The Ultimate Warrior: Death of A Controversial Legend

The Ultimate Warrior: Death of A Controversial Legend

Just days after being inducted into the WWE Hall of Fame, appearing at Wrestlemania and making his first appearance on Raw since 1996 news has come out that the Ultimate Warrior has passed away at the age of 54. WWE.com was the first to report the passing of the Warrior (real name James Hellwig) and media outlets like TMZ, Yahoo! and ESPN started to pick up the news. Reports say he collapsed outside an Arizona hotel while with his wife and was pronounced dead when he arrived at the local hospital. He is survived by his wife Dana and two daughters. News of his passing spread through the wrestling world and many took to Twitter to show their respect.

 

 

 

 


The news of his passing is incredibly sad and the timing couldn’t be more unbelievable as he appeared to be in great spirits and health throughout the weekend and during his appearance on Raw. After an 18 year absence he seemed to have made peace with the WWE, Vince McMahon and some of his former co-workers. He seemed to be humbled, honored and just happy to be back in the company that helped make him a legend. He had just signed a Legends contract with the WWE and was expected to be a part of the company going forward, whether it was appearances or promotions.

Hellwig got his career started in the mid-80’s and was partnered with Steve Borden (aka Sting) as The Blade Runners. He spent some time in World Class Championship Wrestling (WCCW) under the name “Dingo Warrior”. He left WCCW for the WWF and changed his name to The Ultimate Warrior, where he had his most success. Debuting in June 1987 he was known for his energetic entrance music, face paint, running to the ring at full speed and shaking the ring ropes before taking on his opponent. His first pay-per-view appearance was at Wrestlemania IV when he defeated Hercules Hernandez.

The Ultimate Warrior famously beat the Honky Tonk Man for the Intercontinental Championship in just 27 seconds at the inaugural Summerslam, ending the Honky Tonk Man’s still record 454 day reign. After losing the title at Wrestlemania V to Rick Rude he would defeat Rude at Summerslam ’89 to regain the belt. He would then take on his biggest challenge, Hulk Hogan at Wrestlemania VI where both the Intercontinental and WWF Championship were on the line.


The Ultimate Warrior ended up defeating Hogan and to this day is the only man to hold the Intercontinental and WWF Championship at the same time. Per WWF rules, he vacated the Intercontinental Championship as one wrestler wasn’t allowed to have two titles. He would go on to successfully defend his title against the likes of Rick Rude, Ted DiBiase, Mr. Perfect and Haku before losing the WWF Championship to Sergeant Slaughter at the 1991 Royal Rumble thanks to a distraction by Randy Savage. He would defeat Savage at Wrestlemania VII and force him to retire.


He would later feud with the Undertaker and Jake Roberts but a pay dispute behind the scenes derailed the storyline and his time in the WWF. The pay demands were met by Vince McMahon and the Warrior performed at Summerslam as advertised but was suspended immediately after the match as McMahon had only met his financial demands to assure his appearance at the event. Rather than take the suspension the Ultimate Warrior quit the WWF. The Warrior and the WWF would reconcile as Hulk Hogan’s contract was about to expire and he would return at Wrestlemania VIII to save Hogan from Sid Justice and Papa Shango. His return was brief as he allegedly tested positive for steroids and asked for his release from the company.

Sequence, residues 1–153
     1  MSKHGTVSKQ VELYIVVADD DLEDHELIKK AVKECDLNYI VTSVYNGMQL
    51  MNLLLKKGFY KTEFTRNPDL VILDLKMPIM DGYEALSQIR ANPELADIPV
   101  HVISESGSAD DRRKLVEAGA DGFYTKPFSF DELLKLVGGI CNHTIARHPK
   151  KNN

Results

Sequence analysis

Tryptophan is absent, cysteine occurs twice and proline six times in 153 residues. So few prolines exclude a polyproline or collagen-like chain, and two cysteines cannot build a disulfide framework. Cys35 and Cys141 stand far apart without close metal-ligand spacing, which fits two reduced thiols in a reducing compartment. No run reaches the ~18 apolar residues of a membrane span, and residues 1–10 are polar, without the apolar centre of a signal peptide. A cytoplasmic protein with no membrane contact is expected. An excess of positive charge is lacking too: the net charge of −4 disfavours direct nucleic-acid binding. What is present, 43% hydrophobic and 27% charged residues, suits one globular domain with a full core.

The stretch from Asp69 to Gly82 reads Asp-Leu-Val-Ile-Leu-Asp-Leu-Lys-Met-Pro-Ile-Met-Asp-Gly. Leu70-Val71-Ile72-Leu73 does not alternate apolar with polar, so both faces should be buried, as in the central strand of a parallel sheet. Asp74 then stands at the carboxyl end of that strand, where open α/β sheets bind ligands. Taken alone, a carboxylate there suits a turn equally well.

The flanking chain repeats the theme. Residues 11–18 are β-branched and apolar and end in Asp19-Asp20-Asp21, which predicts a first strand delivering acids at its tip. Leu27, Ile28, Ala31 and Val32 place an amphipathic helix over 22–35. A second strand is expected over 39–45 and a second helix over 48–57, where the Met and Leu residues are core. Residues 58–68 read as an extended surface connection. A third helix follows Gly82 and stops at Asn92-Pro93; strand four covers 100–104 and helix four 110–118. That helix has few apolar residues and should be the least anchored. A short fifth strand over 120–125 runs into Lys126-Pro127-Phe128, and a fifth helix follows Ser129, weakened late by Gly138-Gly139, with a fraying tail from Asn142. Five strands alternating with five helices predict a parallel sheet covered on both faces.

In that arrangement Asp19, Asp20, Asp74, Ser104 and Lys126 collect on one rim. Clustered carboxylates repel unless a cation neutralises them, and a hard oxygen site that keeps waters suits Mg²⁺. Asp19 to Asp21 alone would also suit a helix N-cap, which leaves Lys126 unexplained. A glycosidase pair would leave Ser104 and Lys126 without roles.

The Warrior was relatively quiet for the rest of 1992 until 1996 when he returned to the WWF and defeated a young Triple H at Wrestlemania XII. His return was again brief and his contract was once again terminated by Vince McMahon after he failed to make appearances to mourn the death of his father, which McMahon claimed was so far removed from the Warrior’s life that it was a cover up. The Warrior appeared in WCW and took on Hogan’s New World Order faction. In his brief stint, he wrestled four matches and claimed the only reason WCW brought him in was so Hogan could avenge his loss to the Warrior at Wrestlemania VI. After his time in WCW was up, Hellwig retired from professional wrestling.

The WWE released The Self-Destruction of the Ultimate Warrior in 2005, a scathing look at Hellwig’s time in the WWE as current and former WWE employees took shots at the Warrior and labeled him as an egomaniac and a poor wrestler. Hellwig would file a lawsuit against WWE over the DVD but the case was thrown out. It wasn’t until 2013 when the WWE and Hellwig seemed to reconcile as he appeared as The Ultimate Warrior in commercials for the WWE 2K14 video game.

Fast forward to this past weekend when the Ultimate Warrior was the headliner of the WWE Hall of Fame class of 2014. He was back where his career shot into the stratosphere and was inducted by none other than Linda McMahon. The Ultimate Warrior made what turned out to be his final public appearance on this past Monday’s Raw and delivered a speech that a lot of people now are considering cryptic, given the news of his death. Hellwig seemed rejuvenated leading up to his passing as fans noted that he posed for pictures and signed autographs at the New Orleans airport before departing for Arizona.

The WWE just released Ultimate Warrior: The Ultimate Collection yesterday and it will definitely be a more somber career retrospective than originally planned. It’s a shocking loss for the wrestling world as fans and the industry lost a true legend. While he was controversial, he was always considered a legend in the industry and it’s nice to see he was given his due this past weekend so fans and the WWE could show their admiration one last time.

Follow me on Twitter @MarcDykton

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